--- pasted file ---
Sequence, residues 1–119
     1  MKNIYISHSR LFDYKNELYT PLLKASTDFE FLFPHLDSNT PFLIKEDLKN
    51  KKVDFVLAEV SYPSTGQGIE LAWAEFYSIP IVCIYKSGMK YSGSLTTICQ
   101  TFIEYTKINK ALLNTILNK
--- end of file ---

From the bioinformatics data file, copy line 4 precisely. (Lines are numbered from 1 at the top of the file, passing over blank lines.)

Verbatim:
   101  TFIEYTKINK ALLNTILNK